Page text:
In questioning the value of medicinal marijuana, Carly Fiorina said “we don’t understand how it interacts with other drugs.” In fact, there is information about marijuana’s interactions with other medications, although major clinical trials using marijuana have been limited by its legal status.
Fiorina spoke with Fox News’ Sean Hannity, who asked her about the legal status of marijuana in Colorado (it also has been legalized in Washington). She said she believes in states’ rights but that legalizing marijuana is a “bad idea” (at the 30:20 mark):
Fiorina, June 25: I remember when I had cancer, my doctor asked me if I had an interest in medicinal marijuana. I did not, and he said good, because marijuana is a very complex chemical substance now, we don’t understand how it interacts with other drugs, we don’t understand what it does to your body.
The claim regarding drug interactions is not correct: Prescribing information for approved versions of medicinal marijuana does contain drug interaction information, and studies have turned up few problems in terms of interactions with cancer therapies, as well as other types of medication.
To be clear, there is still much to be learned about potential interactions with cannabis; its status as a schedule 1 drug makes it more difficult to study in clinical trials than other medications, meaning there is simply less information available. As a paper in the journal Pharmacotherapy in 2013 put it: “Because medical cannabis is not controlled or regularly used in mainstream medicine, the actual drug – disease and drug – drug interaction profiles remain to be elucidated.” That paper goes on, however, to list a number of interactions that are in fact known.
Some of these can be found in the prescribing information for the two approved forms of medicinal marijuana, Cesamet and Marinol. These contain synthetic versions of THC, a cannabinoid that is marijuana’s main ingredient, delivered in pill form. Fiorina was diagnosed with breast cancer in 2009, well after both of these agents had been approved by the Food and Drug Administration (which did so as far back as 1985, with subsequent revisions). However, some of the studies we note below have been published in the years since her diagnosis. We contacted Fiorina’s campaign to ask for clarification on her comments, but we did not receive a reply.
The prescribing information for Cesamet, with the active ingredient nabilone, contains warnings regarding a number of potential interactions. These include additive depressive effects when combined with any central nervous system depressant and decreased clearance of drugs from the body when taken with barbiturates. Combined with antidepressants, nabilone could cause some cardiovascular problems including tachycardia (an elevated heart rate) and high blood pressure.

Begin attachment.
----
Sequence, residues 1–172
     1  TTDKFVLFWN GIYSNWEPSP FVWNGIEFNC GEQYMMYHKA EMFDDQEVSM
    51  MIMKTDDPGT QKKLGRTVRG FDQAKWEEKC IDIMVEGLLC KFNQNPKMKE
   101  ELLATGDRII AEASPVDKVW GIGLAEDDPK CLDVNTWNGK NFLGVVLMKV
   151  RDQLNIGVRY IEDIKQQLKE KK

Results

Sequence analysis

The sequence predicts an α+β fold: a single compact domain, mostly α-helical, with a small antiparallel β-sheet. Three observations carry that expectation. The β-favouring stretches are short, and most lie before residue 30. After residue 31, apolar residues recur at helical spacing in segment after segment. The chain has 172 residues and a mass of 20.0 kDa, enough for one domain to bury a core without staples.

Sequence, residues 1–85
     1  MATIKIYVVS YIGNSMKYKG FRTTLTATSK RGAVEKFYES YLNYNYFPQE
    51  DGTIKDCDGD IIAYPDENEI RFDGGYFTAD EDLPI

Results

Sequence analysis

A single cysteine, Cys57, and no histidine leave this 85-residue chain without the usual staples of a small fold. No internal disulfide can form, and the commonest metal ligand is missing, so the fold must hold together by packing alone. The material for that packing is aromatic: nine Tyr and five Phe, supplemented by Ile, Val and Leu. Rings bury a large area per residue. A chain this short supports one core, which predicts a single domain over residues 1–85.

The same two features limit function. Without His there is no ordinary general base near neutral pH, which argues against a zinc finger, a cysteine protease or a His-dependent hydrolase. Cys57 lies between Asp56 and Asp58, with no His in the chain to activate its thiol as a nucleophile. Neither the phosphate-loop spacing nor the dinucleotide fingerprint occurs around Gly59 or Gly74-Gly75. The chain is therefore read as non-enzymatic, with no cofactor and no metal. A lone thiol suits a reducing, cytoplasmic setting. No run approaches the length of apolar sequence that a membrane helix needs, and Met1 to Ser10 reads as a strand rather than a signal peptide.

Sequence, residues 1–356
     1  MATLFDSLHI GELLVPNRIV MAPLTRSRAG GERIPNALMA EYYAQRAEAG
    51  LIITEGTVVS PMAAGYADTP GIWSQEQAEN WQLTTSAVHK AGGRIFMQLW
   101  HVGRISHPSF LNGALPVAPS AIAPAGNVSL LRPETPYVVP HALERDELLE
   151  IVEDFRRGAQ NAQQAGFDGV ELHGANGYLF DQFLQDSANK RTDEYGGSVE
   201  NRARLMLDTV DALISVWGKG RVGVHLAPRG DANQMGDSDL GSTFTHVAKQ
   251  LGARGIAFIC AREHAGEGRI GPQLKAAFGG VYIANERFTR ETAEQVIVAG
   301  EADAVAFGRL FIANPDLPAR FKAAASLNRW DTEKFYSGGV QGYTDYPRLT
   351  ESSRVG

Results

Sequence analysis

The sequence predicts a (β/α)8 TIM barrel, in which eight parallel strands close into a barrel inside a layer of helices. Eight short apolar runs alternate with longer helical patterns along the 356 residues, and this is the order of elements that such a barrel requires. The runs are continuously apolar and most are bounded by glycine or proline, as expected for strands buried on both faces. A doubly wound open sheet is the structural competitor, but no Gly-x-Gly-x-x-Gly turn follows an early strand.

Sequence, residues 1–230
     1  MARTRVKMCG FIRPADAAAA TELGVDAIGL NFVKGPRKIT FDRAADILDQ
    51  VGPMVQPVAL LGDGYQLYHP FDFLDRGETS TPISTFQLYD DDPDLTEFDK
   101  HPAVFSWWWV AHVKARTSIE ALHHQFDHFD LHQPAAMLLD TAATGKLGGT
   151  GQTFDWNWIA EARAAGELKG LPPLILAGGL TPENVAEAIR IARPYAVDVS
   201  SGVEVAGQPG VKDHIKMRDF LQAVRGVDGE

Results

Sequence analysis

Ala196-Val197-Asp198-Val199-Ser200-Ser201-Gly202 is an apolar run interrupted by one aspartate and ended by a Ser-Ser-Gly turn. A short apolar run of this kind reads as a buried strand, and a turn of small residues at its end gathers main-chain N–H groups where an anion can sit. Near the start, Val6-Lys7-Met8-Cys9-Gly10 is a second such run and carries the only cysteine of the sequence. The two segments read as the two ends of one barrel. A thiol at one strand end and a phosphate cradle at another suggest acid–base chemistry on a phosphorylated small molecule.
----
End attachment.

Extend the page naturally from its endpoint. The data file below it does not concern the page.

The prescribing information for Marinol (active ingredient dronabinol) is similar with regard to drug interactions. It warns that the agent “should be used with caution in patients receiving concomitant therapy with sedatives, hypnotics or other psychoactive drugs because of the potential for additive or synergistic [central nervous system] effects.” It also lists antidepressants, barbiturates and other agents that may have interactions with cannabinoids in general.
Some studies also have examined what potential effects the use of medicinal marijuana agents may have specifically on patients being treated for cancer, which was the context of Fiorina’s remarks. For example, one study published in The Oncologist in 2007 showed that medicinal cannabis delivered via herbal tea “does not significantly influence” how the drugs docetaxel and irinotecan function. Docetaxel is used to treat many cancers, including certain types of breast cancer, while irinotecan is most commonly used in colorectal malignancies.
Other studies have shown that cannabinoids do in fact interact with cancer drugs — synergistically, meaning they actually add to the beneficial effects. In one 2011 study published in Molecular Cancer Therapeutics, the combination of cannabinoids and temozolomide, a drug used to treat brain tumors, produced a strong anti-tumor effect in the very difficult-to-treat brain malignancy known as glioblastoma multiforme. In another study, published in 2011 in Cell Death & Disease, the same thing was observed in pancreatic cancer when medicinal marijuana was combined with gemcitabine, which is used in many cancers.
Outside of cancer, other beneficial effects have been seen in combination with other drugs. A study published in Clinical Pharmacology and Therapeutics in 2011 showed that adding vaporized cannabis to opioids actually improved the control of chronic pain. The authors wrote that this could allow treatment of pain with lower doses of opioids, with fewer side effects.
In another field, a study showed that smoked or pill-form marijuana had no adverse effect on patients with HIV/AIDS, in spite of worries that the drug may interact with protease inhibitors used to prevent the virus from replicating in these patients. That study was published in Annals of Internal Medicine in 2003.
There is still much to be learned about medicinal marijuana, but it’s not accurate to say that “we don’t understand how it interacts with other drugs.”
Editor’s Note: SciCheck is made possible by a grant from the Stanton Foundation.
– Dave Levitan